Headbands That Make Him Dance


The moment that I think I’m self-aware is the moment that I’m not.

Example: I walk across the street at an intersection and notice the tongue of my Nikes has moved to the right, out of view. This makes my jeans fall over my shoes in a not-as-aesthetically-pleasing-as-I-would-like sort of way. I stop to readjust them so all I come in contact with can see and know that I can dress myself well. After the readjustment, which takes ten seconds too long, I look up and see a police car waiting for me to get out of his way.


My friend DH once called me gankly, which isn’t a word. It was in reference to my body: long torso, longer arms, an innate inability to control them in a way that’d give me the appearance of being fluid or cool.

We were in college at the time. I was around 6’5″ 190 lbs. Before, during, and since that time, clothes have not fit me well. The majority of the T-shirts I own are boxy and make me look like I’ve got a Spongebob body. Any long sleeve button-up likes to either have the sleeves not be long enough in the first place, or shrink up to the point where I’m flashing wrist after the first wash. When I can afford it, I try to buy stuff from J Crew. Partly because I’m very white, but mostly because they sell Tall sizes. I’m very self-conscious about how stuff fits me, and I hate that.

This extreme bother will usually manifest itself, weirdly enough, in me “not caring” what I wind up wearing because it’s all going to look like it’d look better on a dude some two or three inches shorter.

Vanity will mess you up.

This is why I think headbands are stupid.


I held firm to the theory for the better part of my life that one couldn’t dominate in a headband. I thought it meant you were too concerned with how you looked rather than focused on how you played. This theory has been turned on its head and smashed into absolute Floridian oblivion by LeBron James in recent years.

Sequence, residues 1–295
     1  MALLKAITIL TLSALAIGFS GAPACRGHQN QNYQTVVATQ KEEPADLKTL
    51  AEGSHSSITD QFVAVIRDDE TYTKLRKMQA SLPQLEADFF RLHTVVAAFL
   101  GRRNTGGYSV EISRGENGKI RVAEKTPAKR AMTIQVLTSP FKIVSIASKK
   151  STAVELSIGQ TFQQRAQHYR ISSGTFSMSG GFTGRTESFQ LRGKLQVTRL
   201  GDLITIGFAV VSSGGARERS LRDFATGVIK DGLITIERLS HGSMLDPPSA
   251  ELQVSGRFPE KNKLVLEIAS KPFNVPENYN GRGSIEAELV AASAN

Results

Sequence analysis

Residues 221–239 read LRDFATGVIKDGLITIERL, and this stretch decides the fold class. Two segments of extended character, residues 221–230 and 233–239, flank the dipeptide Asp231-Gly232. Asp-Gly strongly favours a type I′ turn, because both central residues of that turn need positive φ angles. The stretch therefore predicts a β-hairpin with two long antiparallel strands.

It was my opinion that you could not and would not win an NBA Championship in the modern era — for this reason I exclude Wilt from consideration — if the most dominant player on your team wore a headband, the one caveat being if that headband served some kind of functional purpose. Bill Walton in ’77 with that gigantic fro he needed kept out of his eyes, for example.

Paul Pierce won a Finals MVP in ‘08, but Garnett was the regular season MVP on that squad. Rip Hamilton was the leading scorer on the 2004 Pistons when they won their title, but he was never a dominant player. Cliff Robinson could dance, and was once the Sixth Man of the Year, but he never won anything of substance and was never a mega-star. Melo’s never won anything. Iverson got one in Staples in 2001 but couldn’t drag Matt Geiger any further. It seemed like the theory had legs.

I considered, up through last year, the theory to still be in tact. I can lie to myself and call LeBron’s one ring fluke — it wasn’t a fluke, I’m only saying that as someone who hates when his theories prove to have a hole in them. I can’t lie after two rings. After these last couple seasons, it’s clear my theory and I have no legs to stand on. I’m all nubs over here now. It’s LeBron’s world. He can do what he pleases. He’s the best player in the league. His commercials are awesome and make up for the fact that his shoes are ugly. There’s nothing that can be done. He’s in charge now.

Accessorize away.

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